When an issue is as important as marriage, the discourse can easily become emotional, then irrational, and sometimes it goes downhill from there. There is much information being circulated against Proposition 8 that is misleading, erroneous, and downright deceptive. One example is a document that was written by an LDS lawyer named Morris Thurston entitled "Commentary on the Document 'Six Consequences...if Proposition 8 Fails.'"
The "Six Consequences" document, which is of unknown authorship, lists six undesirable outcomes that are likely to happen if Proposition 8 does not receive a majority of the votes on November 4. (Note that the "Six Consequences" document referred to in this post was not authored or endorsed by the official sponsor of Proposition 8. A better and more accurate version of the "Six Consequences" that is endorsed by the official sponsor of Proposition 8 can be found here).
Thurston's commentary purports to rebut numerous "falsehoods" contained in the document. Because Thurston identifies himself as "an adjunct law professor at BYU Law School," many people who read his commentary assume he knows what he's talking about and that what he writes must be true.
I am a Latter-day Saint attorney, and I studied Thurston's commentary very carefully, researching the accuracy of his statements and assertions to the extent it was possible to do so. I found his commentary to be filled with inaccuracies and mischaracterizations. It asserts a number of fallacious arguments and makes a number of factual statements that are false. I sent Thurston a detailed rebuttal to his commentary.
Since Thurston's commentary has been widely circulated and is showing up on many blogs and Web sites, including those of Prop. 8 opponents, I am posting my rebuttal here. My hope is that people who would otherwise be unaware of the false and misleading information in Thurston's commentary will at least have accurate information, backed up by research, on which to base their voting decisions.
Thurston's commentary can be found here.
Here's my rebuttal (edited from the original):
Dear Brother Thurston:
An acquaintance sent me a copy of your “A Commentary on the Document ‘Six Consequences . . . if Proposition 8 Fails’” and asked for my reaction to it. I read it carefully and found it to be rife with inaccuracies and mischaracterizations. Since you state that the objective of your Commentary is to help our Church avoid being charged with using falsehoods, I assume you would similarly wish to be made aware of falsehoods in your Commentary.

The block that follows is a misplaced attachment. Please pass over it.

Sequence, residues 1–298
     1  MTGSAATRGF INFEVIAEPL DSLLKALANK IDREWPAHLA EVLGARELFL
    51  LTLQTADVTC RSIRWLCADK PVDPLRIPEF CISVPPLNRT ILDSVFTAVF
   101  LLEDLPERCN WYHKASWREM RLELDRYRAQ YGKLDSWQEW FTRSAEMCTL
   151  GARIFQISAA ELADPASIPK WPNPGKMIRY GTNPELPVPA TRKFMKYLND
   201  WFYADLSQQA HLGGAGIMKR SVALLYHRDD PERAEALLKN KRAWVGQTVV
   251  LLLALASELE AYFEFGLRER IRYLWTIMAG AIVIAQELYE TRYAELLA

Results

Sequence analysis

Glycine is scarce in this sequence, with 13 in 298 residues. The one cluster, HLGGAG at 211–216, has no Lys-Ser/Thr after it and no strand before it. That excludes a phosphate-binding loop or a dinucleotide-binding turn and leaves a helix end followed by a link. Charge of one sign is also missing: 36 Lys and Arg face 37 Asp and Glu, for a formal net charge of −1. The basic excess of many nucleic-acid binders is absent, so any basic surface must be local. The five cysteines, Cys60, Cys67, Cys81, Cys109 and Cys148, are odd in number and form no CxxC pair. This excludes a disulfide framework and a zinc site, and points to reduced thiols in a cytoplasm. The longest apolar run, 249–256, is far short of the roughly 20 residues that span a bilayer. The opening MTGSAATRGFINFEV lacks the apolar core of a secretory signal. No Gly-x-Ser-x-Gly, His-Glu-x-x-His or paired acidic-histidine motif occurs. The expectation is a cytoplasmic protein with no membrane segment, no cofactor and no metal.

Curriculum Vitae: You are not listed as a member of the J. Reuben Clark Law School adjunct faculty. This is either an erroneous omission by the law school’s Web site or an inaccuracy both in your Commentary and on your personal Web site. Either way, I assume you will want to correct the error.
Item 1: You correctly point out that the statute cited in the anonymous “Six Consequences” document does not require schools to teach that same-sex marriage is just as good as traditional marriage. However, you incorrectly assert that California Education Code section 51933 (the statute that should have been cited in the document) also does not impose such a requirement. In support of your assertion you cite the provisions of section 51933 that require age-appropriate, medically accurate instruction and teaching of “respect for marriage and committed relationships.” However, you omit to mention the following language in the statute: “Instruction and materials shall be appropriate for use with pupils of all… sexual orientations…. Instruction and materials may not reflect or promote bias against any person on the basis of any category protected by Section 220” (which includes sexual orientation). If Proposition 8 were to be defeated, this language would unquestionably be construed to require that classroom instruction on the subject of marriage portray same-sex marriage as equal in every way to traditional marriage.